After spending one year in Zambia and travelling throughout Southern Africa for two and a half months it is nice to be in our home town of Spokane, Washington. Our last stop, prior to flying back to the US, was Egypt where spent four days in Cairo, with Ben and Emily Robinson. Ben is a PCUSA minister working at an Anglican Church in Cairo while Emily is a nurse at the American Embassy. It was great to be with friends and to see their life and ministry in Cairo. We were also thankful to have local hosts to show us around Cairo, a massive city of 20 million people. We first went to Coptic Cairo and visited some of the oldest churches in the world. With Ben and Emily, we wandered the old narrow streets of Islamic Cairo and climbed to the top of several minarets. These beautiful structures were fun to explore and provided incredible views of the city. We also visited the Egyptian Museum, the famous pyramids of Giza as well as the Sakkara and Dashur pyramids.
From Cairo, we traveled six hours to the Sinai Peninsula and climbed Mt. Sinai. At 1:00 p.m., we began our hike up the old pilgrimage trail and along the way visited a 4th century hermit cave and church. At about 5:00 p.m., we arrived at Elijah’s Basin, our camp site about 40 minutes from the top of Mt. Sinai. We had a delicious fire side dinner under the stars and went to bed at 8:00 p.m. We woke up at 4:30 a.m. and started our hike to the summit, along with hundreds of other people also making there way to the top. The sun rose at about 6:00 a.m. and we enjoyed a beautiful morning in the presence of God. There are debates as to if this mountain is the actual Mt. Sinai spoken of in the Old Testament, but regardless we felt blessed to be in the same area that Moses and the Israelites encountered God’s presence thousands of years ago. After descending Mt. Sinai, down the steps of repentance (3000 steps), we took a tour of oldest working Christian monastery, St. Catherines. Built in the 6th century, St Catherines was constructed around the supposed site of the burning bush and also contained the Sinaticus, one of the oldest Greek manuscripts of the Bible.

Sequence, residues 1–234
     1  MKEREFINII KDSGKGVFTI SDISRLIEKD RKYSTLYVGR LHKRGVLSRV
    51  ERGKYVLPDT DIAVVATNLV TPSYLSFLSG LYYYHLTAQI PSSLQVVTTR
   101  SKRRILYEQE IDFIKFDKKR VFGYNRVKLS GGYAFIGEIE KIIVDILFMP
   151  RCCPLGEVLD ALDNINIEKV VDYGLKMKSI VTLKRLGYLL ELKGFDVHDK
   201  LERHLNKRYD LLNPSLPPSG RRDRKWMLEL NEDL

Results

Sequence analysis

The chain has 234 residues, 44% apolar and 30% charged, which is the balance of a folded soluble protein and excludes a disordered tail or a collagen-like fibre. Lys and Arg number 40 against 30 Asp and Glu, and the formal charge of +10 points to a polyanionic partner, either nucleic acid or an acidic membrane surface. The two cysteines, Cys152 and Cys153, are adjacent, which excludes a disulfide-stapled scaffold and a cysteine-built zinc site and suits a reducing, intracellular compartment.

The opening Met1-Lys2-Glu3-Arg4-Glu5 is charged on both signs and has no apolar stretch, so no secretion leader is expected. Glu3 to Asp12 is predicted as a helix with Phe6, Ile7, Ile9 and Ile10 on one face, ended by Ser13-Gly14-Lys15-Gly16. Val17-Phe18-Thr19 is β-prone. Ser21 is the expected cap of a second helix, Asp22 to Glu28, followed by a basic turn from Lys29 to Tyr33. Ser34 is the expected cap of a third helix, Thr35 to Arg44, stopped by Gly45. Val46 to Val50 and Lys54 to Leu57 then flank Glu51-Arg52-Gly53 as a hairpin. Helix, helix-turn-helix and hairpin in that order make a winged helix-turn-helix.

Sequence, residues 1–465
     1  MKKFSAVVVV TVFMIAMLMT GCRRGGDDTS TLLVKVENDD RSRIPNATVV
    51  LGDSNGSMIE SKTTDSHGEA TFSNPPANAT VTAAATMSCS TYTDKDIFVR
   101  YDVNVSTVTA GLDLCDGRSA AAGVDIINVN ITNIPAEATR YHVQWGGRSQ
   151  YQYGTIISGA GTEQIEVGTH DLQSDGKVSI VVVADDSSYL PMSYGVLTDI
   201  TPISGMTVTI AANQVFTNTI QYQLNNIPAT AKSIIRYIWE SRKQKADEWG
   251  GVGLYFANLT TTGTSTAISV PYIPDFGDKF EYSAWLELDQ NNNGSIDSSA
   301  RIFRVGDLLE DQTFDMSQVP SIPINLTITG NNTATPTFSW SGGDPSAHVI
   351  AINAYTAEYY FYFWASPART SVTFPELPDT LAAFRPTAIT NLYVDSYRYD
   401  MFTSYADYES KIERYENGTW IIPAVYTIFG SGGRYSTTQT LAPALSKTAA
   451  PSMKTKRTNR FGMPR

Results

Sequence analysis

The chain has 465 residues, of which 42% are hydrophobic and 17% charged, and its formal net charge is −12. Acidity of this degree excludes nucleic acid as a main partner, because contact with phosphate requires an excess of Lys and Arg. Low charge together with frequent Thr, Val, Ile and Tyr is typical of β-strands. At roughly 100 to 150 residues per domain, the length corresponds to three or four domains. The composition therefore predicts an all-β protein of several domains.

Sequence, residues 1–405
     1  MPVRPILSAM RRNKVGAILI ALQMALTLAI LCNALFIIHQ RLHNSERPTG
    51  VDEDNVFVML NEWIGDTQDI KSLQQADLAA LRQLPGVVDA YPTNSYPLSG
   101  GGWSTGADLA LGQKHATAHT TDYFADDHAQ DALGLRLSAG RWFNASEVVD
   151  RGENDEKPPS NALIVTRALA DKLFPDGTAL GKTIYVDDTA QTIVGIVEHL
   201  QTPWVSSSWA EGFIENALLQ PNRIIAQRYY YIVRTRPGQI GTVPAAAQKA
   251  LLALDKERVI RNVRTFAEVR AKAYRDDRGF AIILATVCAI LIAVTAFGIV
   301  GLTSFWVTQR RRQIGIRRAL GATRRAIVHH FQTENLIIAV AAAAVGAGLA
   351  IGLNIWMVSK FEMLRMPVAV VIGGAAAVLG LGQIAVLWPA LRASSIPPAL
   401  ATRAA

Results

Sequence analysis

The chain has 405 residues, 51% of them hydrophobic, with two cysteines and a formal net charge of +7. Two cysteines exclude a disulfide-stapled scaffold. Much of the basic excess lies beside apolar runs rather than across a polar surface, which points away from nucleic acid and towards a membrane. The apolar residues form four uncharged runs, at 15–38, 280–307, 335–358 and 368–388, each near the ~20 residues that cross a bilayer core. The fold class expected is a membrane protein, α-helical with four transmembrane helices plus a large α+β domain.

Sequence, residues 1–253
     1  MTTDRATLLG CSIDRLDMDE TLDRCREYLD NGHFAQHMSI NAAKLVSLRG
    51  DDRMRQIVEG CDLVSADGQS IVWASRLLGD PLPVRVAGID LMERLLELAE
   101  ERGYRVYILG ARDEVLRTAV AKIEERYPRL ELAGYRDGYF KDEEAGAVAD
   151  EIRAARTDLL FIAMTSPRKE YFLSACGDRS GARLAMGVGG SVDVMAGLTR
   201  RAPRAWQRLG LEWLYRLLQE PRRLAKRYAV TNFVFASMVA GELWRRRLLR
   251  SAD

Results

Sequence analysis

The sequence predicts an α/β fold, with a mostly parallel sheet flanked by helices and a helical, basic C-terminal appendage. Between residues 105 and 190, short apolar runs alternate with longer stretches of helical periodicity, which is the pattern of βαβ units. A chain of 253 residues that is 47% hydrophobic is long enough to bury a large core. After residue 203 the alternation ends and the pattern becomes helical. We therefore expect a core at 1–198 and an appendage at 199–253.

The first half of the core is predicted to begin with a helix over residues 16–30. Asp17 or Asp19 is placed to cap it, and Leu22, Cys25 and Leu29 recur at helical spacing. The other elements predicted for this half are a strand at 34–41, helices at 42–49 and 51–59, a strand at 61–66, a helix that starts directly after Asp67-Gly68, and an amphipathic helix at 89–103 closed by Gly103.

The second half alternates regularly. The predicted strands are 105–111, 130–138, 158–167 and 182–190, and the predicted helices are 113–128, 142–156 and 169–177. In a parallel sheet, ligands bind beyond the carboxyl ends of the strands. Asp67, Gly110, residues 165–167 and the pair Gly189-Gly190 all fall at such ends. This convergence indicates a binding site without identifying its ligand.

The last day and a half of our trip was spent relaxing on the beach next to the Red Sea in Sharm el Sheikh. As I sit at my dad’s house in Spokane, Washington looking out to about four inches of snow it is hard to believe that I was snorkeling in the Red Sea just one week ago. k
Spokane is a familiar place with familiar faces, so we haven’t yet experienced too much of the “cultural shock” that is expected. However, here are a few “shocking” observations from the past week. It’s cold! (13 degrees at 3:00pm); seeing a drinking fountain in the airport; not sleeping under a mosquito net; driving on the right hand side of the road; not using a plug in adapter for our electronics; in a hotel room in Seattle I found myself looking around for bugs and cockroaches; a local news story about a lady rescuing ferrets seemed a bit bizarre!
We are so happy to be back home with our friends and family in Spokane, with whom we will celebrate Thanksgiving. We are also looking forward to next week when we’ll see our friends at MAPC, in New York. This Thanksgiving we are ever grateful for the year we spent in Zambia and for the last two and a half months we spent travelling throughout Southern Africa. We had an incredible trip and we will continue to reflect on this experience for the rest of our lives (our 15,000 pictures will help with this process). Thank you all for all of your prayers and encouragement and we wish everyone a happy Thanksgiving.